Nervous system disorders, like pain, epilepsy, and stroke remain some of the world’s most serious health problems. Pain is prolific. Chronic pain is the biggest unresolved medical condition in the world. Stroke is the second leading cause of death and the leading cause of morbidity.

Epilepsy, stroke, and pain have two significant things in common. First, an overactive or mutated ion channel influences the disease, and second, there are no good treatments to address them. Our group hopes to change that.

We are exploring the venoms of spiders, centipedes, and scorpions to find novel peptides that can inhibit or activate ion channels. These have potential to become drugs for nervous system disorders. 

Group leader

Professor Glenn King

Professor Glenn King

Group Leader, Bugs and drugs

  +61 7 3346 2025
  IMB Researcher Profile

Spider venoms are predicted to contain more than 10 million different bioactive peptides. Venoms have evolved to target the nervous systems of their prey, and neurotoxic venoms are also highly targeted within the human body, which makes them excellent drug candidates.

We have discovered molecules within venom that modulate ion channels, a very promising discovery that may be effective against epilepsy is entering clinical trials soon.

We have also applied our expertise in venom-derived peptide chemistry to create an eco-friendly bio-insecticide. It was a significant discovery that charted new territory in the field. 

We have developed a discovery pipeline that allows us to obtain venom peptide structures and structure-activity relationship data at an unprecedented rate,.

The Institute for Molecular Bioscience is the leading institute for venom-based drug discovery in the world. It has the biggest collection of venoms, with more than 600 in the library.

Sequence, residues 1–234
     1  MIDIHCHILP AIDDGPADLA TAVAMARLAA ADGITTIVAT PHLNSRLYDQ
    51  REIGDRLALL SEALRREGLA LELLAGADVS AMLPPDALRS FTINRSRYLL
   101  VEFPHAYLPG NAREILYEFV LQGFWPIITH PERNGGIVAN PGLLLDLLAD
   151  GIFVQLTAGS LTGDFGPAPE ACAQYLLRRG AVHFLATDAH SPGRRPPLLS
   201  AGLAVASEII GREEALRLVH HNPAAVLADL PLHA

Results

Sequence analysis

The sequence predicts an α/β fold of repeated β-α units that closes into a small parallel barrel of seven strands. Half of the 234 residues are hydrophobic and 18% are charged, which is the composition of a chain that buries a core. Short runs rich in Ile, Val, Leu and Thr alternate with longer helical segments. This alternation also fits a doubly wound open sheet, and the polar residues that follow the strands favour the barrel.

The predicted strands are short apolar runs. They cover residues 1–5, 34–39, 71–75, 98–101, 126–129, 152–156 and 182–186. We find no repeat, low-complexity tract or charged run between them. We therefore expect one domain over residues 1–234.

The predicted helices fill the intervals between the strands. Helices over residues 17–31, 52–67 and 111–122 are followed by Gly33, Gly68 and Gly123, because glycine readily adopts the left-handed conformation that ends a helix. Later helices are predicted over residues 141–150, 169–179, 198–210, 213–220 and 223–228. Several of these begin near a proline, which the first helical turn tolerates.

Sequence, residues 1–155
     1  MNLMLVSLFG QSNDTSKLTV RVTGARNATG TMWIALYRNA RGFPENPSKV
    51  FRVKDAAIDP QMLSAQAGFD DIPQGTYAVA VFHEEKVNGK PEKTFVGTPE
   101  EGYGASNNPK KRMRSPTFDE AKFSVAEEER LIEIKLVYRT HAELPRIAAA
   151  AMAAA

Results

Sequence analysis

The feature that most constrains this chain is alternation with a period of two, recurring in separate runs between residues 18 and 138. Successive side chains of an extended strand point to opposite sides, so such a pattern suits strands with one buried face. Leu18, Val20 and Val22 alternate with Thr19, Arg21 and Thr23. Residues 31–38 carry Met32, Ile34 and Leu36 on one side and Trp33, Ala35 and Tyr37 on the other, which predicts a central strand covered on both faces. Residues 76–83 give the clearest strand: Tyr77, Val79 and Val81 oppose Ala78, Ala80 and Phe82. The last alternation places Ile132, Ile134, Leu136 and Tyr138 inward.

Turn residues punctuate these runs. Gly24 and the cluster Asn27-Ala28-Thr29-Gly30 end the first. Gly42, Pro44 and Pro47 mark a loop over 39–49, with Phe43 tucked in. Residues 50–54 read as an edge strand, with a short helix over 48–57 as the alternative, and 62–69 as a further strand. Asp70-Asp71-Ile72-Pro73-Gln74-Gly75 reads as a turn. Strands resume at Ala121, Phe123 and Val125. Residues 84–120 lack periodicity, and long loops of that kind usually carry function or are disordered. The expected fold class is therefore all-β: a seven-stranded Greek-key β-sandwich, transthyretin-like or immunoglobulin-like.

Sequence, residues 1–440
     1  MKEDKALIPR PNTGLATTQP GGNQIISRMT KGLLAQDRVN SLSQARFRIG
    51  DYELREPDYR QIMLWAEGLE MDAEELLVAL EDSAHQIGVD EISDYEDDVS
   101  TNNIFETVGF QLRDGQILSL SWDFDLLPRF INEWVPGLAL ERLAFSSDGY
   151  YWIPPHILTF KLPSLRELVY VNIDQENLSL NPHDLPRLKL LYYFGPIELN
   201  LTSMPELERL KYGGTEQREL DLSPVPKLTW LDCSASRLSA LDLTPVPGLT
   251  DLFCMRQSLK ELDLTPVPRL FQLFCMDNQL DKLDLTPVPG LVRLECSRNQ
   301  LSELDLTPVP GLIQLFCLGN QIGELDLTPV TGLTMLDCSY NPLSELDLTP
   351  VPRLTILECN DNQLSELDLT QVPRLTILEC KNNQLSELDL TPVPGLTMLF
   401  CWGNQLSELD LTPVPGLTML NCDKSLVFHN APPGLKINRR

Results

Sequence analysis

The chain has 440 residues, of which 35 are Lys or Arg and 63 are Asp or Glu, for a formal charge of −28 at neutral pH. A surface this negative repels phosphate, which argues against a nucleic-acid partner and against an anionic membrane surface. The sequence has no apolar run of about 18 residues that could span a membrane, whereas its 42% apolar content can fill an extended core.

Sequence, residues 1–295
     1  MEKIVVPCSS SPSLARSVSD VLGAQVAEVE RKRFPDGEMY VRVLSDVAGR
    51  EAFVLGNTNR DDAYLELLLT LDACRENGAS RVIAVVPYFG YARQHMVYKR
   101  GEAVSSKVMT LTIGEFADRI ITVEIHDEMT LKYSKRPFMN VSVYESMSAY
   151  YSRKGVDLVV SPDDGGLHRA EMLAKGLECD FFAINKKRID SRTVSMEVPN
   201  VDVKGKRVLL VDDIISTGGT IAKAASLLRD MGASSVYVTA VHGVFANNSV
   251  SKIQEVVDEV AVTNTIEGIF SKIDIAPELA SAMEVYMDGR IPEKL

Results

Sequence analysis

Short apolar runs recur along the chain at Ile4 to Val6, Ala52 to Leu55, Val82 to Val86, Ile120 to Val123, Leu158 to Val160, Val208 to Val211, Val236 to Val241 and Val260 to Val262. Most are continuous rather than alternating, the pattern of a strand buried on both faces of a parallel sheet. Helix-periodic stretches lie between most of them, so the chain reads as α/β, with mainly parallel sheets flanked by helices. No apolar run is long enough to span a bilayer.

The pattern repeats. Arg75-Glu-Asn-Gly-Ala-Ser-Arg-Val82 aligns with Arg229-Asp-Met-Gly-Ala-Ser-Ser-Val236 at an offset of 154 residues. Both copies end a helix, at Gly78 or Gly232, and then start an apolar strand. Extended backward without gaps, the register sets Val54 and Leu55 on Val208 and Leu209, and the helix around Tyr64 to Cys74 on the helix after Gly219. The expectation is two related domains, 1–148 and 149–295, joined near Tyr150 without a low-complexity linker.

Research title: Bugs and drugs

Summary of research interests: Animal venoms are increasingly being used in drug discovery efforts as they constitute a vast and largely untapped source of pharmacologically active molecules. Spiders are by far the most successful group of venomous animals and their venoms are predicted to contain more than 10 million different bioactive peptides. Our group is exploring spider venoms as a source of novel peptides to provide leads for the development of new drugs and insecticides. As a major part of this initiative, we have developed a discovery pipeline that allows venom peptide structures and structure-activity relationship data to be obtained at an unprecedented rate.

Traineeships, honours and PhD projects include

  • Discovery and characterisation of venom peptides targeted at ion channels involved in sensing or transmission of pain
  • Discovery and characterisation of novel insecticidal and nematicidal compounds
  • Structural characterisation of the interaction between venom peptides and their ion channel targets
  • Examination of the genetic basis underlying the remarkable diversity and evolution of venom peptides.

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